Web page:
Not only California cities rethinking their awnings.

In Harrisonburg, Virginia, authorities bring willow, oak and eucalyptus from the coast, trees that are more heat tolerant than many native species. In Seattle, they are planting more Pacific madrone and garry oaks, which had a better chance of surviving the hotter three summers.

In Detroit, which was once known as “Tree City” because of its extensive canopy, officials plant hardy trees such as eastern redbud, American witch hazel, and white oak that can withstand extreme heat and flooding.

Variety of trees

The city is also expanding species diversity to fight disease, aiming to prevent any single species from making up more than 10 percent of the city’s overhang. Detroit lost much of its canopy between the 1950s and 1990s due to Dutch elm disease and an invasive beetle called the emerald ash borer.

Today, nearly 40 percent of the remaining trees are considered “low quality,” says Jenny Shockling, senior urban forestry manager in Detroit for the nonprofit American Forests. “[They] consist of species that are prone to disease and storms, damage property and infrastructure, and dump large amounts of debris.”

Forest cover and climate change

Preserving urban tree cover could mean the difference between life and death on a hot planet. extreme heat kills approximately 12,000 people annually already in the USA; experts say the figure could reach 100,000 by the end of the century. A study published lancet found in January that increasing a city’s tree cover by 30 percent could cut heat-related deaths by a third.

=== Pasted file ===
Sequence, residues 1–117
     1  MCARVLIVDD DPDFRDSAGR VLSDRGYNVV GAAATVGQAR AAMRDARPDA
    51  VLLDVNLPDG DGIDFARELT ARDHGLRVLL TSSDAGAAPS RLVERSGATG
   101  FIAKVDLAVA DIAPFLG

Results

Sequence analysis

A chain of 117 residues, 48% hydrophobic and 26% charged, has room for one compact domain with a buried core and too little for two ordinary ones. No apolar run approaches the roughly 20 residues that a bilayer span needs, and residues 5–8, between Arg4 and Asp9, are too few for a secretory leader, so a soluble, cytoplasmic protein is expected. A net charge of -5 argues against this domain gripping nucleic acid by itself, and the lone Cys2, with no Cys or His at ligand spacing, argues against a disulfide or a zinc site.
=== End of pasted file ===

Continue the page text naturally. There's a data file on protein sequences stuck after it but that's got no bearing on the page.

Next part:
Poorer areas with large non-white populations tend to have less forest cover and can be up to 20 degrees warmer than richer (and greener) areas. in accordance with several studies. “A tree map in any city in America, it’s a map of income and a map of race,” says Jud Daly, president and CEO of nonprofit American Forests.

Cities may see some relief soon. The Inflation Reduction Act passed last year includes $1.5 billion for the Forest Service’s Urban and Community Forestry Program, which is a fivefold increase in the program’s annual budget.